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Judicial academy aims to be a reforms driver

Judicial academy aims to be a reforms driver
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First Published: Mon, May 12 2008. 12 27 AM IST

Legal view: The National Judicial Academy is slowly repositioning itself as more than a school. It sees itself as a think tank on matters and issues judicial. (Mujeeb Faruqui / Hindustan Times)
Legal view: The National Judicial Academy is slowly repositioning itself as more than a school. It sees itself as a think tank on matters and issues judicial. (Mujeeb Faruqui / Hindustan Times)
Updated: Mon, May 12 2008. 12 27 AM IST
Bhopal: It’s Sunday, but justice Bilal Nazki, a judge of the Bombay high court, isn’t spending it the way he usually spends his weekends—catching up with the family and writing judgements.
Instead, he is 787km away, in the sylvan, 63-acre campus of the National Judicial Academy, or NJA, the only finishing school for judges in the country. In its annual “academic” calendar to June (from last July), are 10 national conferences for high court judges such as Nazki on issues such as cyber law, intellectual property rights, environment, sustainable development, and the impact of international law on Indian courts.
The themes, as evident from their names, are relevant in contemporary India, especially one that sees itself as part of the emerging world order.
Legal view: The National Judicial Academy is slowly repositioning itself as more than a school. It sees itself as a think tank on matters and issues judicial. (Mujeeb Faruqui / Hindustan Times)
There are 20 other judicial academies at the state-level in the country, but opinion on whether judges need to be taught has changed since the 1980s. That was when, Nazki recalls, justice Mohammad Hidayatullah, a former chief justice of the Supreme Court, had, while inaugurating a state judicial academy in Andhra Pradesh, wondered whether it was such a good idea to have schools for judges that could possibly influence their perception, and consequently, their judgements.
“There was a time when people thought judges should not be taught once they become judges,” says Nazki. “Today, judges must get influenced by developments taking place in other fields of human activity. If I have completed my degree in law 35 years ago, the issues that are confronting us now, the laws that are affecting us now were not there at that time. It, therefore, becomes necessary for us to update ourselves,” he adds, referring specifically to cyber law.
Nazki, 61, became a lawyer in 1973. The personal computing revolution happened in the US in the 1980s, and in India in the 1990s. He says India has seen a “technological, scientific, economic and politico-social revolution,” in the past 15 years that has made judicial education relevant. And NJA was born exactly 15 years ago.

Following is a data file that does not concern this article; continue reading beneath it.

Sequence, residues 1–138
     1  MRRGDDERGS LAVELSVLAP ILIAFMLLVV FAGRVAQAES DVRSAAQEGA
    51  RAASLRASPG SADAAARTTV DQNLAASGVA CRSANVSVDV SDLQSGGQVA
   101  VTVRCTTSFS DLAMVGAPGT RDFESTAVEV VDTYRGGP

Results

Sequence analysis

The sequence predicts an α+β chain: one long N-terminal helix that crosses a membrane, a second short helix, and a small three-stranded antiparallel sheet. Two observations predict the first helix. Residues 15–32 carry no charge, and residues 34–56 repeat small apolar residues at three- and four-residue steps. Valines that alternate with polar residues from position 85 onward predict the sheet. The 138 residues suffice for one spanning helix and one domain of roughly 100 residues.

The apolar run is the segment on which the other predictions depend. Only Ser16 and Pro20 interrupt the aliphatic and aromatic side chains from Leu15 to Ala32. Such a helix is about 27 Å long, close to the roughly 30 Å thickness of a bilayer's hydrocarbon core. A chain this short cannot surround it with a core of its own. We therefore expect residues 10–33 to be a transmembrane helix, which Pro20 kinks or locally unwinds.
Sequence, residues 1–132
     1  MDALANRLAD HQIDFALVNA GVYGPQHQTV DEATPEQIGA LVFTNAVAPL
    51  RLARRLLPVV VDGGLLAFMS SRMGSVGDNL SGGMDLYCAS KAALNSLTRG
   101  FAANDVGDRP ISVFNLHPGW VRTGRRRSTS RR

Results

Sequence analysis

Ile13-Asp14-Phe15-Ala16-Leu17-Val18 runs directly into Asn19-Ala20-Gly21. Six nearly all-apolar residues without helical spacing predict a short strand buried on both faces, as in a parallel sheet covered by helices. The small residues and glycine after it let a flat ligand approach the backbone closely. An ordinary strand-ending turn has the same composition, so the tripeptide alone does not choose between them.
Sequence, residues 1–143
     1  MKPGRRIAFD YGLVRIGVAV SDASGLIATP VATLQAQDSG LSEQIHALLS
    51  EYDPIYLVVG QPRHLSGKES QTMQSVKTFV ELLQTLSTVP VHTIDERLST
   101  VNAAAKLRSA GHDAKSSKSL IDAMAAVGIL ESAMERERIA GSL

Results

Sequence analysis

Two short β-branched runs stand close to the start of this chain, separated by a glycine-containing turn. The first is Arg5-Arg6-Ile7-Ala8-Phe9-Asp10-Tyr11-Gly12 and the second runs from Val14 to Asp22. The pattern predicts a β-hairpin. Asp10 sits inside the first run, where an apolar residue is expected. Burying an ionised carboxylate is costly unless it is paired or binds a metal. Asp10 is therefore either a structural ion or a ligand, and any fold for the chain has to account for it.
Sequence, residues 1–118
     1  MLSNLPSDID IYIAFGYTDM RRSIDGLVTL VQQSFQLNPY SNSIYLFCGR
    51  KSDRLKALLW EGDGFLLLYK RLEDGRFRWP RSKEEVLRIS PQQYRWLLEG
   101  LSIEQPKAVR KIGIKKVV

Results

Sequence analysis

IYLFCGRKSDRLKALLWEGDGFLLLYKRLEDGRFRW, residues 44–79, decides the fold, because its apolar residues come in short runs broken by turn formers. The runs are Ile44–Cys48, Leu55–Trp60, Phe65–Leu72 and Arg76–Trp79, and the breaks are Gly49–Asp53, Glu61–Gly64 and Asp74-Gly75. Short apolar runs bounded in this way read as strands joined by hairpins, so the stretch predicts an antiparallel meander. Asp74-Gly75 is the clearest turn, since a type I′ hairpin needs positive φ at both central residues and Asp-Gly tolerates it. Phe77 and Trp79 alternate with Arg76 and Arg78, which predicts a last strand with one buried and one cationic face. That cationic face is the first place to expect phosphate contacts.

Judges and education
NJA was established in 1993 under the Societies Registration Act, 1960, as an independent society funded by the government. It was conceived as a joint venture among the bar, academia and the government to strengthen the administration of justice through judicial education, research and policy development. It took almost as long for the institute to get off the ground as some cases through the Indian judicial system, and the campus was ready only by 2002 (it cost around Rs80 crore).
In September 2006, the national judicial education strategy was developed with the backing of Chief Justice of India K.G. Balakrishnan, who is also the chairman of NJA, and was then a senior judge of the Supreme Court. Apart from creating a system for educating judges, this gave NJA a reason to exist. That was the year the institute scaled up its programmes.
According to Mohan Gopal, director, NJA, in two years and 81 programmes ending this July, the institute would have trained around 25% of the 12,000 judges in the country.
Judges in India need all the help they can get in understanding new businesses. In recent times, judges in various courts have ruled on issues such as genetically modified crops, patents, allocation of radio waves, or spectrum, and cross-border transactions. As a result, like Nazki, other judges are more than willing to participate in NJA’s programmes.
Apart from these, NJA has also organized a retreat for Supreme Court judges with a judge of the US Supreme Court as a special invitee; 100 programmes, over the last two years, for district judges; and orientation programmes for new judges. Gopal says the state judicial academies have now started modelling themselves on NJA and adopting its teaching methods.